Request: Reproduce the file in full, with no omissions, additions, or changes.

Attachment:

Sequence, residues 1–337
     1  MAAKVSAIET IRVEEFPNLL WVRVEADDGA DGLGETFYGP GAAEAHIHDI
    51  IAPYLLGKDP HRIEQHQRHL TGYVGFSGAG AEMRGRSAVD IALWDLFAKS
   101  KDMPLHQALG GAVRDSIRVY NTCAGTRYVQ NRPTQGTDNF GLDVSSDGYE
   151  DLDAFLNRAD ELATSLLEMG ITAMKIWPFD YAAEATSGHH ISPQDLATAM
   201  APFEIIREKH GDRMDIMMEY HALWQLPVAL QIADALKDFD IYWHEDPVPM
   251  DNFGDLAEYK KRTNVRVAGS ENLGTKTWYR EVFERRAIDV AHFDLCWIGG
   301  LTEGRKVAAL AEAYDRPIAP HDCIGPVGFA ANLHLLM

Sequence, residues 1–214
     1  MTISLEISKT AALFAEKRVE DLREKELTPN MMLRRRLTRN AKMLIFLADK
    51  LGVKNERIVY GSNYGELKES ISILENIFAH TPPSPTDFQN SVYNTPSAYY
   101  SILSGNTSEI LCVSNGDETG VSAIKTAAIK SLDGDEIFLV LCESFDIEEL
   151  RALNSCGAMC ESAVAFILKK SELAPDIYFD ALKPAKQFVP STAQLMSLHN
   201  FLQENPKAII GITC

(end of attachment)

Sequence, residues 1–337
     1  MAAKVSAIET IRVEEFPNLL WVRVEADDGA DGLGETFYGP GAAEAHIHDI
    51  IAPYLLGKDP HRIEQHQRHL TGYVGFSGAG AEMRGRSAVD IALWDLFAKS
   101  KDMPLHQALG GAVRDSIRVY NTCAGTRYVQ NRPTQGTDNF GLDVSSDGYE
   151  DLDAFLNRAD ELATSLLEMG ITAMKIWPFD YAAEATSGHH ISPQDLATAM
   201  APFEIIREKH GDRMDIMMEY HALWQLPVAL QIADALKDFD IYWHEDPVPM
   251  DNFGDLAEYK KRTNVRVAGS ENLGTKTWYR EVFERRAIDV AHFDLCWIGG
   301  LTEGRKVAAL AEAYDRPIAP HDCIGPVGFA ANLHLLM

Sequence, residues 1–214
     1  MTISLEISKT AALFAEKRVE DLREKELTPN MMLRRRLTRN AKMLIFLADK
    51  LGVKNERIVY GSNYGELKES ISILENIFAH TPPSPTDFQN SVYNTPSAYY
   101  SILSGNTSEI LCVSNGDETG VSAIKTAAIK SLDGDEIFLV LCESFDIEEL
   151  RALNSCGAMC ESAVAFILKK SELAPDIYFD ALKPAKQFVP STAQLMSLHN
   201  FLQENPKAII GITC